Our body claims the right combination of key nutrients to function properly and keep us healthy. Nutrients can be further typed as micronutrients and macronutrients. The body requires micronutrients in small doses as well as minerals and vitamins. Macronutrients, which are proteins, fats, carbohydrates and water, are also needed by our body but in large portions.


Protein is a crucial macronutrient that plays a key role in the development and growth of muscles, cartilage, skin and other body parts, along with other responsibilities. In accordance with the Centers for Disease Control and Prevention, you should consume 10 to 35 percent of proteins every day within your calorie intake. You can get protein from animal-based sources like dairy products, eggs, poultry, lean meats, and fish, as well as from such plants as nuts and legumes.


Fat is a vital macronutrient that helps in the absorption of fat-soluble vitamins A, E, D, and K. Fats have more calories per gram than carbohydrates and proteins. The Centers for Disease Control and Prevention say that from 20 to 35 percent of your daily calories should come from fat. Fats can be divided into saturated or unsaturated fats. Saturated fats are usually solid at room temperature, while unsaturated fats tend to be in liquid state.


Carbohydrates are essential macronutrients that contain most of our daily calorage. There are three main types of carbohydrates: sugars, starch and dietary fiber. The latter may help you to lose weight. This is due to fiber’s ability to add to the main food, so you feel fuller for a longer time and this possibly cuts down food cravings. Dietary fiber may also drop the risk of cardiovascular diseases, obesity and Type 2 diabetes.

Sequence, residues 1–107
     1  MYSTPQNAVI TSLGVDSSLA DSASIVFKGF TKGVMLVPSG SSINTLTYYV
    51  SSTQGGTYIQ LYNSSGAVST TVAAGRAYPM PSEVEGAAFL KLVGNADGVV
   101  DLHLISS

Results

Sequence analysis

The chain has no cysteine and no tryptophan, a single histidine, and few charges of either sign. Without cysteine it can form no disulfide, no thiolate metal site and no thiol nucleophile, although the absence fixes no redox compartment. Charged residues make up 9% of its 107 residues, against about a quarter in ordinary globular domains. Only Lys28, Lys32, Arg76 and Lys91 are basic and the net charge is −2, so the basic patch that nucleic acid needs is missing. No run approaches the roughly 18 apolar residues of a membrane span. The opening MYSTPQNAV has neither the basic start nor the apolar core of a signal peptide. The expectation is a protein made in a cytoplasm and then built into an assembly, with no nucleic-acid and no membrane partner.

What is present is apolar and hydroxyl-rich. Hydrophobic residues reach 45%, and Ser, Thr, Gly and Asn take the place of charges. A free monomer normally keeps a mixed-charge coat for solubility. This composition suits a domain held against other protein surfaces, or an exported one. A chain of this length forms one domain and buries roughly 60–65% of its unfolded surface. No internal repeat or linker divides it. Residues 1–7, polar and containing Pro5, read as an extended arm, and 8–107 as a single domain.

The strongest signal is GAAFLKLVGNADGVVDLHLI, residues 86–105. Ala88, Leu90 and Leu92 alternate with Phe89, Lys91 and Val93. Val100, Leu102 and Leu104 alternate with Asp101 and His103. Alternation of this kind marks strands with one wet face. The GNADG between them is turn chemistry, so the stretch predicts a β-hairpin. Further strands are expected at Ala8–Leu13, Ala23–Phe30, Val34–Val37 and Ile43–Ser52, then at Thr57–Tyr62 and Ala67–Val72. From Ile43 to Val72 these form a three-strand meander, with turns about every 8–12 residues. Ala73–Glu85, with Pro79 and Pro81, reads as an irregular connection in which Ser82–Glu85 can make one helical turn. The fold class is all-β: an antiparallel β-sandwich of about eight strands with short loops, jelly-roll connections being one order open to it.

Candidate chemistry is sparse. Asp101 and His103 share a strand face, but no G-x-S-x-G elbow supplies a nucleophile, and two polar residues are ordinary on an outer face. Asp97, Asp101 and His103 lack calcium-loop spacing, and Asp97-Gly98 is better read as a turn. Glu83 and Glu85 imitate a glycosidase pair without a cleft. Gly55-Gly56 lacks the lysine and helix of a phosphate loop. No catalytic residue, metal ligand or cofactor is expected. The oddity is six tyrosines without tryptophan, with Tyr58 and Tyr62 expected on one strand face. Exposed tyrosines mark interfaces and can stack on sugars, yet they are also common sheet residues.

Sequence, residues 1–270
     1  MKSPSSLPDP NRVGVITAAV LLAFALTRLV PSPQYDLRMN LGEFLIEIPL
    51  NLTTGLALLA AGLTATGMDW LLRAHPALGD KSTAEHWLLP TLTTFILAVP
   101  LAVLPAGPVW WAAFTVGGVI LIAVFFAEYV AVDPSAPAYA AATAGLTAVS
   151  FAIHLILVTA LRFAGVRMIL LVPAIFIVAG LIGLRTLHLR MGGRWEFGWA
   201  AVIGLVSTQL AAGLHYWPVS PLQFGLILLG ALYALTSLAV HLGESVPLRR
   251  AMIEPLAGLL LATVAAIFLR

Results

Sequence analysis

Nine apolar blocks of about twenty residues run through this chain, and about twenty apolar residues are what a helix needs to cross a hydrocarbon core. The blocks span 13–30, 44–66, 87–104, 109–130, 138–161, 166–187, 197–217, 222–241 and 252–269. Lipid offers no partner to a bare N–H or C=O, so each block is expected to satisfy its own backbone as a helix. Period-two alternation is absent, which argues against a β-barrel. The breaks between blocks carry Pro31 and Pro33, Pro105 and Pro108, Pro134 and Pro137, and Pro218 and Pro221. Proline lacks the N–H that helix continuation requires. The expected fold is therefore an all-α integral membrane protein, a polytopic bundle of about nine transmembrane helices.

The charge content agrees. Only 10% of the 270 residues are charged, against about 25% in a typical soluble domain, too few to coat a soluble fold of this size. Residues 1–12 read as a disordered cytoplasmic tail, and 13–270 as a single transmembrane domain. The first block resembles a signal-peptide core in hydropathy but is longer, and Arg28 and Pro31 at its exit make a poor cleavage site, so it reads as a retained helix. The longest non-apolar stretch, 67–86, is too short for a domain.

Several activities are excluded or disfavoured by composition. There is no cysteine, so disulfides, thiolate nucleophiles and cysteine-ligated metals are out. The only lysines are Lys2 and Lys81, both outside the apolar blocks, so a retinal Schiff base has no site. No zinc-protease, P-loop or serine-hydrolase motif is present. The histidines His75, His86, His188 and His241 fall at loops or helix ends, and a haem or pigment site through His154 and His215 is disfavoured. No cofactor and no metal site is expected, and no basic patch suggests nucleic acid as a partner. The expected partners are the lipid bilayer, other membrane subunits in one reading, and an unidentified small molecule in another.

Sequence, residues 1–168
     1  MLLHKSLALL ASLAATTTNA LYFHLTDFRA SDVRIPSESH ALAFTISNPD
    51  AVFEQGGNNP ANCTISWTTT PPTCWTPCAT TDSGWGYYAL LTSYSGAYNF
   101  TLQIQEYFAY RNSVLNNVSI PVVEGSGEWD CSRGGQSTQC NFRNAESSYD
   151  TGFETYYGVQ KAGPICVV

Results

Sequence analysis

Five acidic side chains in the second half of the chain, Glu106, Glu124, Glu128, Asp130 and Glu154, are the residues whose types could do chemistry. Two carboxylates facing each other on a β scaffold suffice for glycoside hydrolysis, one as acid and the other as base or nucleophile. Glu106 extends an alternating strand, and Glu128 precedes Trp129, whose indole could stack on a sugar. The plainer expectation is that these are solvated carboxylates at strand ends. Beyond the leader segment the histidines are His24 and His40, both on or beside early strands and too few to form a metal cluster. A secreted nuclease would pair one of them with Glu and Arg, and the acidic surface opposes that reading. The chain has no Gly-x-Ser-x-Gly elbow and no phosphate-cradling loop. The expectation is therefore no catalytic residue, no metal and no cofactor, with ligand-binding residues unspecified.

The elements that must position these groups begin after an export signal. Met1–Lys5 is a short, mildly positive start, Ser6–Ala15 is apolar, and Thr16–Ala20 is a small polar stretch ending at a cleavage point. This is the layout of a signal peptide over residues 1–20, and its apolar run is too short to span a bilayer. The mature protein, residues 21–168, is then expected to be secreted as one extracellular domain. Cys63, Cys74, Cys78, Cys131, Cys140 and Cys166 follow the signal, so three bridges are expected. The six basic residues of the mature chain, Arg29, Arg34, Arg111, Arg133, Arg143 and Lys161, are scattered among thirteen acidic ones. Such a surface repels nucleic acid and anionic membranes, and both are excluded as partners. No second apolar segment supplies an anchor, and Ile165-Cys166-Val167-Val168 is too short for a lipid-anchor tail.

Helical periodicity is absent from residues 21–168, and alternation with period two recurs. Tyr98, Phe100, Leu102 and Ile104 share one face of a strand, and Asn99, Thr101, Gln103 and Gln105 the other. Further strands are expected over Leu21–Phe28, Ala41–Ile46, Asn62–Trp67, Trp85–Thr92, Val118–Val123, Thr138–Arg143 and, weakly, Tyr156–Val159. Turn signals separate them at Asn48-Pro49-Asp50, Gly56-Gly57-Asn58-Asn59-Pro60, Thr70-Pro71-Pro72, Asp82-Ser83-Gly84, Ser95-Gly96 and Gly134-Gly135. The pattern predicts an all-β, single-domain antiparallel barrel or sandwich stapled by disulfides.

Water is the chief chemical substance in our body and contains 60 percent of our overall body weight. It is an essential macronutrient that has lots of functions in the body such as washing away toxins, delivery of nutrients and making a moist environment for tissues of ear, throat and nose. As stated by a February 2004 report released by the Institute of Medicine, men should drink around 3.7 liters of liquids every day, and for women, it’s approximately 2.7 liters daily.


Iron is a vital mineral that plays a key role in the transportation of oxygen to body tissues. We get it from food in two forms: heme and non-heme. We consume heme iron with animal foods, which are rich in hemoglobin, such as red meats, fish and poultry. According to the Office of Dietary Supplements of the National Institutes of Health, non-heme iron is produced in plants such as oatmeal, beans, lentils and spinach. It’s easier to absorb heme iron for our body.

B Vitamins

This class of micronutrients consists of B5, B6, B12, riboflavin, niacin, thiamin, biotin and folic acid. B vitamins help our body in breaking down and utilizing the energy from foods. They also create smooth delivery of signals in the nervous system. Poultry, lean meats, liver, milk, eggs, beans are good sources of B vitamins.

Vitamin C

Vitamin C, also known as ascorbic acid, is a micronutrient that improves the capacity of your body for a faster recovery. It also acquires antioxidant features that help to delay aging. Big doses of vitamin C can be found in citrus fruits, peppers and green vegetables.

Vitamin D

Vitamin D is a micronutrient that can be possessed through your skin when you are in the sun. It can also have it from milk and dairy products, eggs, liver, and from fatty fish such as salmon, tuna and mackerel. Vitamin D helps in the absorption and retention of calcium in our body, it also strengthens our bones. If you suffer from vitamin D deficiency, your bones are fragile and that’s why they can be broken easily.